Comments were legion. A fellow of whom I asked directions in PA said, “What’s a pretty lady like you doing traveling all by herself?”
“I haven’t found anyone who wants to go with me.”
“I’ll go with you,” he said excitedly, then paused no more than seconds and continued, “Wait a minute, I’ll go ask my wife.”
What Michigander wouldn’t love spending six months on a dude ranch in northeast Oregon’s Blue Mountains washing dishes, making beds, cleaning cabins, and puttying old windows. The perks were sixty horses, delicious food, unparalleled hiking, and a hot springs pool, not to mention the cowboys!
With my mechanical ability ending at checking my lipstick, I “listened” to my vehicle to identify problems in their infancy, then took it for repairs. However, I’m human…when the mechanic said, “You have a well rounded camshaft,” I beamed. By the time I realized he wasn’t assessing my personal attributes, he added, “It sounds like you have a bad valve.”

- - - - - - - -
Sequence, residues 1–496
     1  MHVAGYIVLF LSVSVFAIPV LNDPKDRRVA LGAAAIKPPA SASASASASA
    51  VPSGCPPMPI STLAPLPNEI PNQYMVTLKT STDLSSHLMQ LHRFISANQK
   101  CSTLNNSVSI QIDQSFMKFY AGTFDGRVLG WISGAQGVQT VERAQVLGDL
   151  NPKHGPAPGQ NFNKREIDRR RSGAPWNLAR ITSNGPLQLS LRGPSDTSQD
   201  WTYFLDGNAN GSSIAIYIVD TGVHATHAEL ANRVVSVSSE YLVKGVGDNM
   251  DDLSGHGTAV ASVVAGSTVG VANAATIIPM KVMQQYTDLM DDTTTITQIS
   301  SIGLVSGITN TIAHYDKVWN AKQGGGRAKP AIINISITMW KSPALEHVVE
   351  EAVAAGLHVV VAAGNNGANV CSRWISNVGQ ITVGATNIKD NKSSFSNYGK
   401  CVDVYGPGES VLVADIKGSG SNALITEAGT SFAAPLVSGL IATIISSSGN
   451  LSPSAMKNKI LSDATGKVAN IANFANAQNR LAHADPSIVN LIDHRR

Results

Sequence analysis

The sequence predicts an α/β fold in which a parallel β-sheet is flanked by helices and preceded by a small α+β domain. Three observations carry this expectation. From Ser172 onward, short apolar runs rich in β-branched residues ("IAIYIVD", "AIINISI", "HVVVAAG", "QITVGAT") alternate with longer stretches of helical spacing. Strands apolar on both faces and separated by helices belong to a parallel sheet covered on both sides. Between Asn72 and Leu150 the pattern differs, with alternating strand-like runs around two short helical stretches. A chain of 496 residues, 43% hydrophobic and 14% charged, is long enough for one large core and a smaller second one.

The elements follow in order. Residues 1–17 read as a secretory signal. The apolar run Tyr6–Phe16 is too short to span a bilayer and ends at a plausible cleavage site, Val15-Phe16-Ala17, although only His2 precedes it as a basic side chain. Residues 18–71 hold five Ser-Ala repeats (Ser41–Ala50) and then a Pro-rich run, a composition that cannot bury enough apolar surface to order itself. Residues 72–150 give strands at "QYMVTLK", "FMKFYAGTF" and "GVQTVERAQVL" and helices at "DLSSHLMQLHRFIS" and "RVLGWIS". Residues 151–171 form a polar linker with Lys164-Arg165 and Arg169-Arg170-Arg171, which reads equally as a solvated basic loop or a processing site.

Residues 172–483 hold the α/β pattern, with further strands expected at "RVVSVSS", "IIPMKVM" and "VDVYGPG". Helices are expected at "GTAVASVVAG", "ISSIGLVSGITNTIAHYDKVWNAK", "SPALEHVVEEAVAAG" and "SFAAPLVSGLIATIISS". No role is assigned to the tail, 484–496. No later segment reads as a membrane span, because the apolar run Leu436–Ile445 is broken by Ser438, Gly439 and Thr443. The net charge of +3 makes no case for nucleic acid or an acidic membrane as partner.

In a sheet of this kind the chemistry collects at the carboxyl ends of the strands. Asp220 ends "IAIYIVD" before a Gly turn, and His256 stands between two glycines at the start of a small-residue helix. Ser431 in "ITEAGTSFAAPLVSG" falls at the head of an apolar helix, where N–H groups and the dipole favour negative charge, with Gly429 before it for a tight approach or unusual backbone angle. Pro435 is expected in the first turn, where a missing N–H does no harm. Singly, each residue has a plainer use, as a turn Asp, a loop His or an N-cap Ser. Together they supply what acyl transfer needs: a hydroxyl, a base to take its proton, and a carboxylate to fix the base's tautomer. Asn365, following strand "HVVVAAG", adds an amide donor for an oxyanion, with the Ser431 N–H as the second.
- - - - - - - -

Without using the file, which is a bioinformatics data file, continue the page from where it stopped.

Three hundred thousand RVing miles, countless articles and columns in various magazines, Life-on-Wheels seminars, six RVing books plus one novel later, I sold my AZ property and last June, moved to the Great NW. I am diving head first into my third life and a whole new adventure. It is with great appreciation that I have always felt my daughters and their families had my back. They didn’t always know where I was but they didn’t obsess about it. We threw a dart at the map and met for family reunions every two years during that time.
Thank you for allowing me to relive my adventures one last time. Hopefully, my column and my blog will continue to be part of RVLife.com. Thanks to Mike Ward, a superior editor, for his kindnesses and encouragement through the years. I wish for Toni Knudson, the publisher and owner, and her husband, Diesel, a truly amazing retirement. God Bless always, Charlie.
Winter in the Wilderness, Minshall’s first novel (e-book & hard cover), and the fourth edition of RVing Alaska and Canada are available through Amazon.com.